Durham News: Opinion

May 13, 2014

George O’Neal: Seeds for you and me

Seeds hold all the promise of our future inside of them.

Seeds hold all the promise of our future inside of them.

It’s totally insane that something so small is the reason that humans have been able to settle down and civilize. We went from spending our caveman days hunting and gathering, maybe working on a cave painting here or there, to choosing the wild plants that we liked to eat, saving those seeds, carrying them on to other places, then planting again, selecting and saving, repeat until Boom!, farming was born.

Every plant we currently eat has an ancient ancestor that probably looks and tastes nothing like the version we know. Over several millennia we saved those seeds with the traits that we liked, and fine-tuned them. We saved seeds from the plants that grew taller, thrived or made a bigger, sweeter fruit. We passed those seeds on from generation to generation, and fine-tuned them to give us modern treats like tomatoes or watermelons.

The seeds we really seemed to fixate on were those of the big grasses, cereal crops. Corn, oats, wheat and rye were the cornerstones of our ability to store food for the future. These storable, protein- rich grasses gave us the ability to quit roaming about and instead build cities and towns. Basically we had the ability to cultivate enough calories in one spot and not have to be moving around constantly to find our sustenance.

For the first time, there were people who spent entire days doing things other than food procurement and a few produced food for all, so that some of us could focus on creating alphabets and writing, laws and poems, tools, and clothes. We invented work specialization and Boom!, socioeconomic class was born. We now had the ability to pursue all kinds of things that were never possible before. As a result, we invented some amazing things, art, music, tractors ... Nintendos. All the greatest inventions owe their successful invention to grass, or at least a plant of some kind. Thanks to innovation and technique, the amount of food produced has kept pace with the massive increase in the number of people on this planet while simultaneously the number of farmers decreases each year.

Early last century we even outsmarted ourselves when it looked like we were going to run out of the vital nutrients needed to keep this now massive worldwide agricultural system up and running.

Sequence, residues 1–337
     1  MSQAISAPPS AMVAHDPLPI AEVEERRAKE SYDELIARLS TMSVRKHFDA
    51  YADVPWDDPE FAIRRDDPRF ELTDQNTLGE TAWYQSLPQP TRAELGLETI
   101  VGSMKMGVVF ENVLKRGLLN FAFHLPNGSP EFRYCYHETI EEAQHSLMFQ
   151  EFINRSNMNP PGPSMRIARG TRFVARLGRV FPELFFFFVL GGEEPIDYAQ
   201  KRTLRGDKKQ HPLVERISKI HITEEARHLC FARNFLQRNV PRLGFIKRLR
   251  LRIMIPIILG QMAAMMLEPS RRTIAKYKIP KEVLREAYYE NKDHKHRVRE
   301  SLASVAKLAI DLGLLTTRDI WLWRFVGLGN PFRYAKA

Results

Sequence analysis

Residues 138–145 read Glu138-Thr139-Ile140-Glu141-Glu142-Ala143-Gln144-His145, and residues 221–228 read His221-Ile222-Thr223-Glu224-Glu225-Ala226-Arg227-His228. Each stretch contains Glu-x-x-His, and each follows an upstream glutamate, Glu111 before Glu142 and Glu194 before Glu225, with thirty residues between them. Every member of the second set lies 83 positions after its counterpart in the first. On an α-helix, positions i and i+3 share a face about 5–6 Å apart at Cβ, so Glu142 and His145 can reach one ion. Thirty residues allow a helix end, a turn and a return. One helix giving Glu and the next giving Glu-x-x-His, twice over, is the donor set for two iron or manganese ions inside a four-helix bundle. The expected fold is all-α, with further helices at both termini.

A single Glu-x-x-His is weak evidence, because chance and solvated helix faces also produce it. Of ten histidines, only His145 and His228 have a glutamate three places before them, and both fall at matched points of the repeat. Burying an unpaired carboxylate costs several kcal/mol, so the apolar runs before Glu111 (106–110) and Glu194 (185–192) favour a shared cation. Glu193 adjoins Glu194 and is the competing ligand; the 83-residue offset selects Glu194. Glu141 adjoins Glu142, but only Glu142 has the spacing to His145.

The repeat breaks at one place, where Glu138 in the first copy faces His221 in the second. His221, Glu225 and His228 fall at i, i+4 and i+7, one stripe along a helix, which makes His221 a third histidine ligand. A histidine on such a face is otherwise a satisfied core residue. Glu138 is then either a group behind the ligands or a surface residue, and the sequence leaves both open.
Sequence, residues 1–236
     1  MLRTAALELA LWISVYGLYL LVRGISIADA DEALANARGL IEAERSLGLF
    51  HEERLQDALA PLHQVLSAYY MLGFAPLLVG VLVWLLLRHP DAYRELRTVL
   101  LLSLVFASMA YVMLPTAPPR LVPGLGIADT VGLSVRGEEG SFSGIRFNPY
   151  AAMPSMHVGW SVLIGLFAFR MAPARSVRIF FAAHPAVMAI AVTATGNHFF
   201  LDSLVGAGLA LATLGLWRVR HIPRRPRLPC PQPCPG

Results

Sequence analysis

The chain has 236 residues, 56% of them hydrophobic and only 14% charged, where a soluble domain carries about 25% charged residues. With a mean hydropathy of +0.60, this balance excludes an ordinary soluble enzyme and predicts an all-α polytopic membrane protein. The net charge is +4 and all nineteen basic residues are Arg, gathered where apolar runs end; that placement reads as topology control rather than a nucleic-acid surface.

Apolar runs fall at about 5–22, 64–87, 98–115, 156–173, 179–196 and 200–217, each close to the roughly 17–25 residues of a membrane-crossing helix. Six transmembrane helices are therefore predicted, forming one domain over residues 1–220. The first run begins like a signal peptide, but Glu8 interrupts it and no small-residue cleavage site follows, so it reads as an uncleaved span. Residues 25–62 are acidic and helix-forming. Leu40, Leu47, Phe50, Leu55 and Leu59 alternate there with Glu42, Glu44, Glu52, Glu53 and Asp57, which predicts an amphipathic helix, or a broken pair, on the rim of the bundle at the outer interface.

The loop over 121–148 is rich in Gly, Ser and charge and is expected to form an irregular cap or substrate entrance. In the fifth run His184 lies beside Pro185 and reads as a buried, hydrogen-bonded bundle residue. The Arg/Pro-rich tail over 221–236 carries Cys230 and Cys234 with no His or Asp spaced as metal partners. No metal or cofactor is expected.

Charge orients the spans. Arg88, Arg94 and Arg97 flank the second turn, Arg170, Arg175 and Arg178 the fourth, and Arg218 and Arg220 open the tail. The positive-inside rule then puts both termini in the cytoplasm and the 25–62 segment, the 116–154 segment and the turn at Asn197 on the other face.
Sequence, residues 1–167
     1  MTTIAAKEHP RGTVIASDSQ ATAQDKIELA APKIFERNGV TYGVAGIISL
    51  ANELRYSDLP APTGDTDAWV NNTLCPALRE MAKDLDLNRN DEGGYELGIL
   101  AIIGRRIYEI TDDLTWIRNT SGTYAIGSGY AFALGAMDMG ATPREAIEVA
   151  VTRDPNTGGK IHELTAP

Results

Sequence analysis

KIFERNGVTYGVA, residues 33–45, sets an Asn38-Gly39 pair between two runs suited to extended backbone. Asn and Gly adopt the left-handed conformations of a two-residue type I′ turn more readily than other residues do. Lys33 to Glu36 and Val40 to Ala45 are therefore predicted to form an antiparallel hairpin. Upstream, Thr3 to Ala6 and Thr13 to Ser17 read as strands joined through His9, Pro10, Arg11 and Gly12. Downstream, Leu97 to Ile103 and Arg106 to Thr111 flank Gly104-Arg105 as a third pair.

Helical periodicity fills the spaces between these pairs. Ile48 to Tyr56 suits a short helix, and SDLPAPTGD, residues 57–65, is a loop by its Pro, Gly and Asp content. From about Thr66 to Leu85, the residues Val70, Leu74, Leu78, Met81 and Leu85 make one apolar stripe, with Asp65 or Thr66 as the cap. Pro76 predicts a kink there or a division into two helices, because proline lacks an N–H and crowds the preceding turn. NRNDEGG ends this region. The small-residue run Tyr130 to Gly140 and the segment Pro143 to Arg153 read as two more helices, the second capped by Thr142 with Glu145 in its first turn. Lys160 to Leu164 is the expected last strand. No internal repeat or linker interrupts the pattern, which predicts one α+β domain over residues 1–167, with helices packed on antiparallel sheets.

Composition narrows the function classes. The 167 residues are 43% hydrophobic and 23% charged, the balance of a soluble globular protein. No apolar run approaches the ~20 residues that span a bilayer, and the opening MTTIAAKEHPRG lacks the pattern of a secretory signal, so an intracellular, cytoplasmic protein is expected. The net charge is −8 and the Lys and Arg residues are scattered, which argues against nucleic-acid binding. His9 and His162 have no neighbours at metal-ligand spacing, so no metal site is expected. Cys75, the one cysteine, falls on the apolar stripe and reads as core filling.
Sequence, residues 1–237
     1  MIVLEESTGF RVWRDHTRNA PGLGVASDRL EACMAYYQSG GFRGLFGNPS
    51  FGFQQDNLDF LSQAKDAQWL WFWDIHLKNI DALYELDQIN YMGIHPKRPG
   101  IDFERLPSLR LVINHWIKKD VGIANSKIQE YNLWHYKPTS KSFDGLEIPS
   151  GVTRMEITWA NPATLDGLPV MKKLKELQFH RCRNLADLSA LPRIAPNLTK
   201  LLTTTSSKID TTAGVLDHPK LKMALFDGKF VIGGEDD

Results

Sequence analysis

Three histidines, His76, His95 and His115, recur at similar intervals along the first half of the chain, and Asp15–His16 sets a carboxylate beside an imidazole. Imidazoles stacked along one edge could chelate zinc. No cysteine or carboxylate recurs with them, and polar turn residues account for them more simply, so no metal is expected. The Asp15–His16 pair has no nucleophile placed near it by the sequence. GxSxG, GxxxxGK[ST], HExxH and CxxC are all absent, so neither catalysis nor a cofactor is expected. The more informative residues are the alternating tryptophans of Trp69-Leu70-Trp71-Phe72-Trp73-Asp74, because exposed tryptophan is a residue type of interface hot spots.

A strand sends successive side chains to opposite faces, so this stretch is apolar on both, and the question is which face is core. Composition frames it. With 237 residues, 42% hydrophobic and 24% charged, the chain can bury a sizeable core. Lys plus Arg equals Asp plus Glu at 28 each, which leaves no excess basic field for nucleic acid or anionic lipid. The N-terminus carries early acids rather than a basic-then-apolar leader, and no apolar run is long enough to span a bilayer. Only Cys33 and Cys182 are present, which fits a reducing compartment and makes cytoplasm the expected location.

The shipping industries of the world were running out of huge piles of phosphate rich bat guano and Chilean nitrate to ship back to the farms of the world that had become totally dependent on the external imports of fertility. Then in 1910 a couple of clever chemists in Germany figured out how to pluck the most crucial nutrient, nitrogen, right out of the air and put it in a form plants could use. Boom!, synthetic fertilizer was born and a starvation crisis averted (and with it bomb material as well, but who’s keeping track, right?).

We now had the ability to feed the world all over again. It was a farm-expanding bonanza, the Green Revolution, and more farmers up and quit and headed to the promise of neon lights and our rapidly growing cities. Fertilizers got stronger; we invented pesticides and herbicides and ended up where we are today.

Thanks to farmers and farming more of us can spend our day to day not worrying where our food is coming from. We don’t even have to think about who produced it or how; we have removed ourselves from the reality of it. The people that do society’s work of providing food have historically not been well compensated. Which in context sounds crazy or just stupid, right? The other thing we’ve lost track of is valuing the seeds that helped make civilization possible. So maybe it’s time to start thinking more about seeds and particularly seed diversity and adaptability. Just like us, those seeds are still evolving and adapting and changing with this wide, wild world we live in. When it comes to eating, and with it survival, the best security we have in the face of climate change or something akin to another potato famine is seed diversity.

Right now large companies are buying up patents on these seeds that our ancestors took thousands of years to produce. They are literally patenting up varieties of veggies like tomatoes or corn and making it illegal for you or me to save those seeds and replant the way we always have. I’m pretty sure when the experiment of farming started way back the goal wasn’t for a group of greedy execs to generate crazy profits, or put a stranglehold on the seeds that masses need to get by. These things are quite literally your heritage, and should therefore always be available for you to use.

I would say it’s probably about time now for a Green Evolution, huh?

George O’Neal owns and operate Lil’ Farm in Timberlake. You can reach him at info@lilfarmnc.com

Related content



Editor's Choice Videos